In his weekly Call of the Land radio interview, Alberta crop pest specialist Scott Meers says that there have been several reports of both diamondback moth larvae and pupae on small canola plants.
"This is really early for that," said Meers, who works for Alberta Agriculture and Rural Development at Brooks.
"What it is telling us is we'll have the population buildup -- how bad it will get or if natural enemies will keep in under control we don't know at this point but this is a very high level of early calls that we are getting."
Manitoba's provincial crop entomologist John Gavloski said in his weekly report Friday that diamondback moth traps continue to show the highest counts around Beausejour and Morris and "all the higher counts" are in the province's east.
"West of Carman, the counts have all been low," says Gavloski, who works at Carman. So far, he added, "we have not had any reports of high levels of larvae of diamondback moth."
In its latest Canola Watch, the Canola Council of Canada also warns that diamondbacks are reaching threshold levels for spraying across the southern Prairies, much earlier than usual.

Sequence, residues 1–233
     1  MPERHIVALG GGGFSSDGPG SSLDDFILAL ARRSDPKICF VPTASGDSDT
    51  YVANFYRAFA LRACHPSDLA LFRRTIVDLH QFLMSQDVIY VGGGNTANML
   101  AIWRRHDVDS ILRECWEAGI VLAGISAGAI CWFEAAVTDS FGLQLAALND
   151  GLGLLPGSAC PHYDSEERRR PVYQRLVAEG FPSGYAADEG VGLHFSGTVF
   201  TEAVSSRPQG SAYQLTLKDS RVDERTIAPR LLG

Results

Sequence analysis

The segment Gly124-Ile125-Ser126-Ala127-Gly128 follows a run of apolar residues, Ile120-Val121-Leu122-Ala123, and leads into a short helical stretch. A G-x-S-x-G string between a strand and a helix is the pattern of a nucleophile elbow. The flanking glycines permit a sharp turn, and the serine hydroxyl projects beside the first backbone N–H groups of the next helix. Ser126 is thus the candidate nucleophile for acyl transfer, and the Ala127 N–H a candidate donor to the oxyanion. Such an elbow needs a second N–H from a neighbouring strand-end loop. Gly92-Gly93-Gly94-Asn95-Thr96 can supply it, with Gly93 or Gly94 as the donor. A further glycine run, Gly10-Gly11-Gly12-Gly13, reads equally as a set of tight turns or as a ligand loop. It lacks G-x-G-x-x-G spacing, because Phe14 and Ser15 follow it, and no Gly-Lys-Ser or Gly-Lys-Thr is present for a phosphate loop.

The Canola Council says that before spraying, growers will need to make sure that:
If you answer "yes" to all four, then consider a spray. If you answer "no" to any one, keep scouting. Situations can change -- for the good or bad -- in a matter of one or two days.
More details including details and photos on identifying damage are on the council website.
Alberta's Meers also says there have been lots of calls on cutworms on pea stubble. "The worst-hit fields are almost without exception canola seeded on pea stubble," he said.
There have also been reports of wireworm damage, he says. "It's important to differentiate between a cutworm which we can spray for and a wireworm which we can't."
If it is wireworm damage and reseeding is required, producers should use treated seed, he said.